Priori recently chatted with Lisa Konie, Senior Director of Legal Operations at Adobe, as part of our #AceYourLegalOps interview series for CLOC 2018. In it, Lisa discusses the importance of relationships in legal operations and how CLOC reflects the collaborative spirit of the industry.
What is your definition of legal operations?
Legal operations is anything that doesn't naturally fall on the shoulders of an attorney. This includes anything from strategy, ops planning, financial management, tools, technology, pro bono, communications etc. If it's not transactions, counseling or classically legal, it's with me and my team.
How is Adobe improving legal operations?
One of the ways we were instrumental in improving legal operations was having the foresight to create the role almost 10 years ago. Many people feel like it's an up-and-coming space and yet it's been around for a significant period of time. Here at Adobe, my focus for the past two years has been fine-tuning our program with outside counsel. At one point, we had upwards of 400 law firms that we were using and this wasn't realistic or manageable. We have been in the process of doing a convergence program as well as ensuring better relationships with outside counsel through our preferred panels. This includes really treating the partnerships as a relationship and not as merely a vendor.
What does it mean to treat partnerships as relationships rather than vendors? Are there key differences you could highlight?
With my preferred firms, we originally had regular weekly meetings set up on our calendars. Now we do it every other week. Even if it's a 30-minute touch point, it's 30-minutes to talk about the health of our relationship. That's a big differentiator. The firms also do a quarterly business review at the end of each quarter where they provide me with a series of data points and metrics. This is a useful tool for us to talk about the health of our relationship and to really understand whether we have the right people on the Adobe team. It helps us work out whether we are leveraging the right resources both from a legal professional perspective as well as an attorney perspective. There are so many things that data can tell us and thankfully the legal operations space has advanced so far that people now have access to that data both internally, as well as within the law firms. And clients like Adobe are not only asking but requiring our firms to lead with that kind of information. That's certainly one way that I think about it being much more of a partnership than just a classic service provider relationship.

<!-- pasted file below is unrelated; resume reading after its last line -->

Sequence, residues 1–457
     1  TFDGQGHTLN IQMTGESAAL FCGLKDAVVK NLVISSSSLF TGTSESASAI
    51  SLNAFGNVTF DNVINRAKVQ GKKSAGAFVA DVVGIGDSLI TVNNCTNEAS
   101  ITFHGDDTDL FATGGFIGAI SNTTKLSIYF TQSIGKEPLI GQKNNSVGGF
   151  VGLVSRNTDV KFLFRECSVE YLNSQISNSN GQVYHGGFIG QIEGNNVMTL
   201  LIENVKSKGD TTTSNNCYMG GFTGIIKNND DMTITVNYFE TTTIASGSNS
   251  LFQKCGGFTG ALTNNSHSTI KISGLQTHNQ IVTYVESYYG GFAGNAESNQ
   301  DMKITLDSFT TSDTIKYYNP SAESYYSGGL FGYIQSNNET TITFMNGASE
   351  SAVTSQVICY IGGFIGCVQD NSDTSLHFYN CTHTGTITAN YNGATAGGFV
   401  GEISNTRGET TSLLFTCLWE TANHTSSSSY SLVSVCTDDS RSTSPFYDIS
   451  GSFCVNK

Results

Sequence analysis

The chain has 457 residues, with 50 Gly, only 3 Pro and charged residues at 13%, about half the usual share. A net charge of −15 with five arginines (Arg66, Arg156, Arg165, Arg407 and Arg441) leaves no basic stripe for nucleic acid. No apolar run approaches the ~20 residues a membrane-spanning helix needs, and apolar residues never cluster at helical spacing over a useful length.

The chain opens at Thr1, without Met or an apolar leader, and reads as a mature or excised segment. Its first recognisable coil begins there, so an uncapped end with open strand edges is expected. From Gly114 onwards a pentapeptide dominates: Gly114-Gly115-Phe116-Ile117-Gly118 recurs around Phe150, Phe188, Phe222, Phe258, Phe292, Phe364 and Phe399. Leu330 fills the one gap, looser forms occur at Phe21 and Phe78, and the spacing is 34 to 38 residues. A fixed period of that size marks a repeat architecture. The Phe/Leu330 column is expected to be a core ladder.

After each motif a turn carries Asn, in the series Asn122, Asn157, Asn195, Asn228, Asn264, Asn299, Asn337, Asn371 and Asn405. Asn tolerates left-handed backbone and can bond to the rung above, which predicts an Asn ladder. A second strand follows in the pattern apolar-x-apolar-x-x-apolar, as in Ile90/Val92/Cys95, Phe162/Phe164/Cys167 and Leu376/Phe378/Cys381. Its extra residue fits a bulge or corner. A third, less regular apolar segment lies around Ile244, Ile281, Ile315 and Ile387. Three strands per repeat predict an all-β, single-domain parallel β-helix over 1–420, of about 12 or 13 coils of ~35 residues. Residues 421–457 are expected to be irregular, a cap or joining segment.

We also offer a pro bono activity in connection with one of our preferred firms. I reached out to that law firm and said, “Hey, we would like to partner with you to do something so that your attorneys go and our attorneys and other legal professionals can go.” It became not only a good event from a pro bono perspective, but also a nice social event for the folks across our companies to mix and to get to know each other. It's all of these added intangibles that build the relationship and create a very different approach.
What has your legal ops team aced in the last 12 months?
It's hard for me to say what has my team has nailed in the past 12 months because I could point to every single individual on my team and talk about something amazing they've done. I can give you some examples. My second-in-command just went to London to do a boot camp with our outside counsel. She put together the entire content for a two-day session and did an absolutely amazing job. One of the other people on my team is redesigning our SharePoint site and creating a portal that's much more user-friendly for our internal folks. I've just hired a new person who is going to lead all of our technology and information initiatives, which is tremendously exciting. The best thing I've personally done in the last 12 months is hire this new person to help drive improved strategy and help us scale from a technology perspective.
What has surprised you in the evolution and emergence of legal operations as a field?
It's been the willingness of people to collaborate and help each other out -- which gets us back to the root of CLOC. My general counsel came to me two months ago when we were in the throes of our reward cycle and evaluating talent and said, "We really need to benchmark seniority across other companies." By using CLOC as a platform and resource, we were able to develop data that allowed us to successfully argue to our HR department that we deserved to promote a few more individuals. Mary O'Carroll at Google and CLOC is probably the ultimate example of this, because if anybody wants anything she's one of the first people offering help and providing samples. I think back to law school and how cutthroat it was…and it’s incredibly nice to then fast forward all the way through my profession to this point where people are willing to share and to be open about things that went well for them and things that might not have gone so well so that others can learn and don't have to struggle.